How to Create Great Roadshow Briefing Notes for Your Executives

Roadshow notes

 

Your non-deal roadshow (NDR) is an essential element of your investor engagement strategy. It is an opportunity to meet with current and prospective shareholders, share your story, excite them about your organisation and take on board any comments and concerns that they might have. To make the most of this chance to talk directly with shareholders, your executives should be as well briefed and prepared as investors are. Impeccable roadshow briefing notes are key to this. 

EY reports that 82% of institutional investors credit NDRs with providing a key non-financial factor in their buying decisions. 

And this is confirmed by a 2019 study that found that, out of the 12 most common investor relation channels, IROs at 610 publicly traded companies ranked NDRs as the second most important behind the earnings conference call.  

Martin Luenendonk of Cleverism talks about the planning that goes into an NDR: 

“It costs money – a lot of it – to organise a roadshow. However, if you plan it well, and you execute it properly, the returns are likely to be more than the cost incurred in putting it into motion.”

This article will tell you everything you need to know about crafting the perfect briefing notes for an event roadshow — notes which will provide solid building blocks for your non-deal roadshow. 

What should your roadshow briefing notes contain?

When creating your briefing notes for executives before an NDR, you have to consider the most important factors that will help to rebalance the knowledge between them and the investors. Shareholders will come to the meeting well-prepared and fully knowledgeable about your company, its performance, its industry and peers, whereas executives cannot possibly research all the investors they will meet in such detail. This is where the briefing notes come into play. Here’s what should be included.

Itinerary

Your presenters need to know what the day holds for them. An itinerary allows them to better prepare for the event and create notes ahead of time, helping them get ready for meetings with investors they remember from previous roadshows, for example. 

An itinerary also makes it easy to see when speakers are available to take phone calls and perform other work duties if they need to. 

Information on the audience

Each meeting during the all-day events should have its own briefing sheet, detailing the institutional shareholders or retail investors that will be present. It should note whether they are key investors or not and whether they are likely to be friendly or adversarial.

This helps the executive presenting the roadshow to familiarise themselves with their audience and tailor their presentation to the people in front of them. It’s certainly a time-consuming task, but one which is at the core of a successful presentation. One way to speed it up is by outsourcing your shareholder analysis but also to make sure that all your investors’ contact profiles and interactions with them are stored in a regularly updated CRM. Within this section, you should include:

  • Investor profile – note their total assets under management (AuM), the positions in the company of the individuals attending and their peers, the portfolio’s sectoral exposure in your industry, and similar details
  • Investor moves – list the portfolio’s recent moves within your industry and other relevant sectors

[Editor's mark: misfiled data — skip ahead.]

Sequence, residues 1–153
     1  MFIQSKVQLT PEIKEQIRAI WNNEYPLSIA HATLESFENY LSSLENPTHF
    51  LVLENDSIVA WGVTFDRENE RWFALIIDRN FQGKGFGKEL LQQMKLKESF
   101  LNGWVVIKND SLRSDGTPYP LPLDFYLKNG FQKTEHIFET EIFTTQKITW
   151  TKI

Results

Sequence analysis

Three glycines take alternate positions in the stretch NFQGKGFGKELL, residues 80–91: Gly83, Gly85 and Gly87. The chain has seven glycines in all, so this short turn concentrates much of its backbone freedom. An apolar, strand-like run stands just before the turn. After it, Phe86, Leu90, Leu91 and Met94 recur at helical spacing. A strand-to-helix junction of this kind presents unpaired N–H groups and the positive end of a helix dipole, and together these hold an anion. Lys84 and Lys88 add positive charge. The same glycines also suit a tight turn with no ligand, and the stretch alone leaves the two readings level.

• Portfolio performance details – relevant details about the performance of the portfolios AuM over the last twelve months (LTM), what its current cash position is and any other associated data
  • Individuals’ details – CEOs need to know who they are talking to and many like to have a photograph of the individual on their briefing page so that they can easily identify them in a larger group.

You should also include details such as whether they are key investors or not, and whether they are likely to be friendly or adversarial. Preparing the presenters means that there are no surprises throughout the event. 

Meeting history

An easily digestible meeting history in the briefing notes can help in two main ways:

  • It offers a rundown of frequently asked questions from previous investor roadshows and meetings, letting the presenter know which topics often arise and allowing them to formulate answers in advance.
  • It can provide information on the topics that each individual investor has brought up previously. This allows you to tailor the presentation to their concerns and to concentrate on reassuring them on the matters that mean the most to them.
  • It serves as a basis for future briefing notes. Remember that notes taken during a meeting provide the content of the next briefing notes for a future meeting with the same person or institution.  

Using a tool like IR.Manager allows you to report back on investor engagement performance following roadshows using intuitive dashboards, which help you plan ahead for the next roadshow. 

Goals of the event

You need to ascertain the goals of your event in the early stages of planning. The presentation must reflect these goals at all times, always concentrating on the value that the shareholders will receive by attending. Whether you are looking to build trust, celebrate excellent performance, communicate your ESG credentials or anything else, these aims inform how you plan the roadshow. 

Including the goals in your briefing notes maintains the focus of the presenter and reminds them to steer all conversation to what your organisation wants to achieve. 

An event without focus can seem like a waste of time for attendees because it appears to have no purpose behind it. Staying on message carries a momentum that sweeps the investors along with it and that is helped by a handy reminder on the briefing notes.

Main theme

Connected to the goals of the event is the main theme. It is what brings the various moving parts of the roadshow together, giving them coherence and a story. Presenting a roadshow to stakeholders is very much a storytelling task and having a common theme on which to hang the various aspects of the presentation helps with that. 

Once again, keep the main theme on the briefing notes to ensure that your executives remain focused on the theme for the entirety of the event. 

Company positioning and unique selling points

Investors can research all the dry data and facts about your organisation that there is to find, but the NDR is your chance to express the emotion and the excitement behind the business to your investors and potential shareholders. How you position the company can make the difference between people making or not making investments in the future.